People who suffer from multiple sclerosis might consider cutting back on dairy. A recent study finds that milk could potentially exacerbate MS symptoms.
“We hear again and again from sufferers that they feel worse when they consume milk, cottage cheese or yogurt,” says Stefanie Kurten, from the Institute of Anatomy at University Hospital Bonn, in a statement. “We are interested in the cause of this correlation.”
To learn more, a team of international researchers injected mice with different proteins from cow’s milk and found the cow’s milk protein triggered an autoimmune response in mice that damaged neurons.
Researchers say the insulating myelin sheath in mice was perforated. They believe it was triggered by casein administration. They then administered the cow’s milk constituent casein together with an effect enhancer to the mice.
“We suspected that the reason was a misdirected immune response, similar to that seen in MS patients,” explains Rittika Chunder, postdoctoral fellow in Kurten’s research group. “The body’s defenses actually attack the casein, but in the process they also destroy proteins involved in the formation of myelin.”
According to researchers, “such cross-reactivity can occur when two molecules are very similar, at least in parts.” This causes the immune system to mistake them for each other.
“We compared casein to different molecules that are important for myelin production,” says Chunder. “In the process, we came across a protein called MAG. It looks markedly similar to casein in some respects — so much so that antibodies to casein were also active against MAG in the lab animals.”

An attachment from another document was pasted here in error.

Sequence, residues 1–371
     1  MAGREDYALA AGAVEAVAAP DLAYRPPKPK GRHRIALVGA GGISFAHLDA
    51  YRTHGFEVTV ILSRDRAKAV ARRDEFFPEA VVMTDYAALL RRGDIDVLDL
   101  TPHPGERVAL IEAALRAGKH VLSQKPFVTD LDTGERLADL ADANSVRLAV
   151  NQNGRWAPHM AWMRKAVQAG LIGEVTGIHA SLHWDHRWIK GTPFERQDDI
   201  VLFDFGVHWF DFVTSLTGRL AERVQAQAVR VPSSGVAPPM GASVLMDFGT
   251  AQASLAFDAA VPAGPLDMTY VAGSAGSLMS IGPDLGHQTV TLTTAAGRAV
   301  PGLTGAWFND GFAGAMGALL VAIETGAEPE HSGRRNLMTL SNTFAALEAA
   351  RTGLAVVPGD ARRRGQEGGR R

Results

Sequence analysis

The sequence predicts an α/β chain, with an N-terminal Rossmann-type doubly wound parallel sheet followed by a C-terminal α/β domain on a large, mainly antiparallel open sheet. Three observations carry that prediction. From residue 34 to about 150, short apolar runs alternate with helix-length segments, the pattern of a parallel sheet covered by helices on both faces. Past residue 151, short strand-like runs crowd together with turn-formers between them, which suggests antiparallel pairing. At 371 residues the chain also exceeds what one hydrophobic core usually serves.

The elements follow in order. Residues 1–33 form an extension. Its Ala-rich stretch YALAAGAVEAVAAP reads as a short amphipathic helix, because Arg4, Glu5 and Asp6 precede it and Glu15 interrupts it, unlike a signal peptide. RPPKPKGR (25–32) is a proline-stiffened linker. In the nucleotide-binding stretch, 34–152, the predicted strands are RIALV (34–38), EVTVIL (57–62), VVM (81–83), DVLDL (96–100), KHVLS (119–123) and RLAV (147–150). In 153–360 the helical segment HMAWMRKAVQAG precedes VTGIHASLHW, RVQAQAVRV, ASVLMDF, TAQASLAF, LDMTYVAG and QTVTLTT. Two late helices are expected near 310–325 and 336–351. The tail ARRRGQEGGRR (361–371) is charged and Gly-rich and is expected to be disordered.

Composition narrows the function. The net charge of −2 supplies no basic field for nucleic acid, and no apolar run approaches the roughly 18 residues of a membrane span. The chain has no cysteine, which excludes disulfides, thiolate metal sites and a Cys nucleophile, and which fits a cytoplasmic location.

The myelin was destabilized in the casein-treated mice because the body’s own defenses were also directed against MAG. Researchers added casein antibodies from mice to human brain tissue to see to what extent the results can be transferred to people with multiple sclerosis. They found that casein antibodies accumulated in the cells responsible for myelin production in the brain.
The study states that white blood cells in people with MS respond particularly strong to casein. They believe these multiple sclerosis patients developed an allergy to casein at some point as a result of consuming milk, causing the immune system to produce masses of casein antibodies. This causes damage to the myelin sheath around the nerve fibers due to cross-reactivity with MAG.
The study also warns that cow’s milk may increase the risk of developing MS in healthy people, since casein can also trigger allergies in them. “Once such an immune response exists, cross-reactivity with myelin can in theory occur,” the media release reads.
“Studies indicate that MS rates are elevated in populations where a lot of cow’s milk is consumed,” says Kurten.
The study was published in the journal Proceedings of the Natural Academy of Sciences.